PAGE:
Contrasts: Or, A Parallel Between the Noble Edifices of the Fourteenth and Fifteenth Centuries and Similar Buildings of the Present Day. Shewing the Present Decay of Taste. Accompanied by Appropriate Text (Google eBook)

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Author and published, 1836 - Architecture, Gothic - 50 pages
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Page 41 - And although you be permitted to read holy scripture, and to have the word of God in your mother tongue, you must understand...
Page 1 - It will be readily admitted that the great test of Architectural beauty is the fitness of the design to the purpose for which it is intended, and that the style of a building should so correspond with its use that the spectator may at once perceive the purpose for which it was erected.
Page 42 - I am very sorry to know and hear how unreverently that most precious jewel, the word of God, is disputed, rhymed, sung, and jangled in every alehouse and tavern, contrary to the true meaning and doctrine of the same. And yet I am even as much sorry that the readers of the same follow it in doing so faintly and coldly...
Page 41 - ... be not clean and unspotted of malice and envy, for you rail on Bishops, speak slanderously of Priests, and rebuke and taunt Preachers, both contrary to good order and Christian fraternity.
Page 22 - The mechanical part of Gothic architecture is pretty well understood, but it is the principles which influenced ancient compositions, and the soul which appears in all the former works, which is so lamentably deficient ; nor, as I have before stated, can they be regained but by a restoration of the ancient feelings and sentiments. 'Tis they alone that can restore Gothic architecture...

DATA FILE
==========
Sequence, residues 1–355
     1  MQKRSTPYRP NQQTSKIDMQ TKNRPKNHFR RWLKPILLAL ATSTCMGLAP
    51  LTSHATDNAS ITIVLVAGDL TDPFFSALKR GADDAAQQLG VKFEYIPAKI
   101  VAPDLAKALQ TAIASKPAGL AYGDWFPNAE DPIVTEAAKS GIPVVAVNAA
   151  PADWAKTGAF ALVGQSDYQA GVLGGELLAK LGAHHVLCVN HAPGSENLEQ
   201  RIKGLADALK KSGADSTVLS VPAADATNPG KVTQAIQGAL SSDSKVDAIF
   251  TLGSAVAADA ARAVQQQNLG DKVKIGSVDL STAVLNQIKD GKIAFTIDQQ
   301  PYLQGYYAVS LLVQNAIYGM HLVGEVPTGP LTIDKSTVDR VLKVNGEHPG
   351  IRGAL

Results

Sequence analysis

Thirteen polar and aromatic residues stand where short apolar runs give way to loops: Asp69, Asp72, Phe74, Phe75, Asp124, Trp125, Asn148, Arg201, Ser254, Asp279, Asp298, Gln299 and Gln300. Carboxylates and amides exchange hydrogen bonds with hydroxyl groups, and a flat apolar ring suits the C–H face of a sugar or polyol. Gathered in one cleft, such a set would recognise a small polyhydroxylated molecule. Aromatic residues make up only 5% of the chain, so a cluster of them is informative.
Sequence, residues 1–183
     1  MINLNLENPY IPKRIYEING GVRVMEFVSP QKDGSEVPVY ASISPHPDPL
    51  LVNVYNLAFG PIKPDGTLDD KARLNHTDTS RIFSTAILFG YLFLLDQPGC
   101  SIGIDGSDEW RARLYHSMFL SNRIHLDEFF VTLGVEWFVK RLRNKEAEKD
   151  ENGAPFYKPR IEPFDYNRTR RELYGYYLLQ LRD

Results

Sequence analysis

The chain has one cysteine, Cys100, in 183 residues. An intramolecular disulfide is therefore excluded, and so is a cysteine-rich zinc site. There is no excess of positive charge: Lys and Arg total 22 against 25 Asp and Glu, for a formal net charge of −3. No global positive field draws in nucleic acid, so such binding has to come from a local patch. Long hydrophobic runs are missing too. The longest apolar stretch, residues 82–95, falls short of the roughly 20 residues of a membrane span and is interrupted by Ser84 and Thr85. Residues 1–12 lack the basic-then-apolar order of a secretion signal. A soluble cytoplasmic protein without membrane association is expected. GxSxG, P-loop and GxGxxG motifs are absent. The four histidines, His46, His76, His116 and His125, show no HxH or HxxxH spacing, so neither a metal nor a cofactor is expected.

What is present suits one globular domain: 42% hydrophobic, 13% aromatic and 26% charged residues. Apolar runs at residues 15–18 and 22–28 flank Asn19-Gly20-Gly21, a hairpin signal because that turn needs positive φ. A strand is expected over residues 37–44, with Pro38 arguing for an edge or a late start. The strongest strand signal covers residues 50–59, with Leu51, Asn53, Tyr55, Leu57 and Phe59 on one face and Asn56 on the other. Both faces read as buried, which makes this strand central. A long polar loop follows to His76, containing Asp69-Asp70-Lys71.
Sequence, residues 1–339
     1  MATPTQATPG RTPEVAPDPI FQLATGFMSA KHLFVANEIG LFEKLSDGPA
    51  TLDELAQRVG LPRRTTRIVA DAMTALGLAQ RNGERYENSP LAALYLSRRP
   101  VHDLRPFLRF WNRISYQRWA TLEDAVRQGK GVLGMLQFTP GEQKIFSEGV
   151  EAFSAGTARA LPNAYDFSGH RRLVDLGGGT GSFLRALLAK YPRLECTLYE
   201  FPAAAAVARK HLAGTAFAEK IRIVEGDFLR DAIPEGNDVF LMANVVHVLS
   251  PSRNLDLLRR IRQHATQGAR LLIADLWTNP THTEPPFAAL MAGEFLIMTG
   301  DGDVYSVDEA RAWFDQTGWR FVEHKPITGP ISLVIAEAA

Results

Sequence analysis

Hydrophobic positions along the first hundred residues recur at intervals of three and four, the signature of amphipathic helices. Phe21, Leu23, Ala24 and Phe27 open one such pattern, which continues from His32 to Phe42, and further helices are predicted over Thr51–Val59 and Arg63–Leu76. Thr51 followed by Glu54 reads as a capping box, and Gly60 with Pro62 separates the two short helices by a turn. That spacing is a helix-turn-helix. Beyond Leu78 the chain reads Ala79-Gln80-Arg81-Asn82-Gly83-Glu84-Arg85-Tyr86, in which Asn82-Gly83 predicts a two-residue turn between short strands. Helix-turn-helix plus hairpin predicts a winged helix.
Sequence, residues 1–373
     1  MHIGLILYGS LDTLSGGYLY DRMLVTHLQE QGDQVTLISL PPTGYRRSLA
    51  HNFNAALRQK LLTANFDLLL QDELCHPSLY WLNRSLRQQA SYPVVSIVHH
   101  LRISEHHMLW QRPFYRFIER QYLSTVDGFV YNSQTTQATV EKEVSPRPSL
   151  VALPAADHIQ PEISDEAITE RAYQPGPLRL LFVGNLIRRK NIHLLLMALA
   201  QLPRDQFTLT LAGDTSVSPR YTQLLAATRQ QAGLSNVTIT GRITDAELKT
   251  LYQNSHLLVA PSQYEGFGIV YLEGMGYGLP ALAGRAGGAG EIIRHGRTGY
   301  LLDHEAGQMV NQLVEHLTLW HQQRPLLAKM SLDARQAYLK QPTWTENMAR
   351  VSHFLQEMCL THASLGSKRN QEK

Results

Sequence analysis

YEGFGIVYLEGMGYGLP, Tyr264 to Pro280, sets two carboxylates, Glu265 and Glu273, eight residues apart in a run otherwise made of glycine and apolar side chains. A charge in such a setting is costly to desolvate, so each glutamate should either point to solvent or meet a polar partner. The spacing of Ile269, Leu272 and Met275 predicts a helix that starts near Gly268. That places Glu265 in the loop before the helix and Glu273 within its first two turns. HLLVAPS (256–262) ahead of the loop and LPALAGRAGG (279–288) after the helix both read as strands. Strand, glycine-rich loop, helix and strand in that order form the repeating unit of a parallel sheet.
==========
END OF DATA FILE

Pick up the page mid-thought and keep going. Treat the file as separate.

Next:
Page 22 - Tis they alone that can restore Gothic architecture to its former glorious state ; without it all that is done will be a tame and heartless copy, true as far as the mechanism of the style goes, but utterly wanting in that sentiment and feeling that distinguishes ancient design.
Page 43 - I speak now only of the spoil made under this bishop, scarce were five years past after Bath's ruins ; but as fast went the axes and hammers to work at Wells. The goodly hall covered with lead (because the...
Page 21 - ... lately to examine the interior of this wonderful church, I was disgusted beyond measure at perceiving that the chapel of St. Paul had been half filled up with a huge figure of James Watt, sitting in an arm-chair, on an enormous square pedestal, with some tasteless ornaments, which, being totally unlike any Greek or Roman foliage, I suppose to have been intended by the sculptor to be Gothic. This is the production of no less a personhge than Sir F. Chantrey.
Page 41 - ... taunting stock against priests and preachers, as many light persons do. I am very sorry to know and hear, how unreverently that most precious jewel, the word of God, is disputed, rhymed, sung, and jangled in every alehouse and tavern, contrary to the true meaning and doctrine of the same.
Page 43 - Lady, late repayred by Stillington, a place of great reverence and antiquitie, was likewise defaced ; and such was their thirst after lead (I would they had drunke it scalding) that they tooke the dead bodies of Bishops out of their leaden coffins, and cast abroad the carkases skarce throughly putrified.

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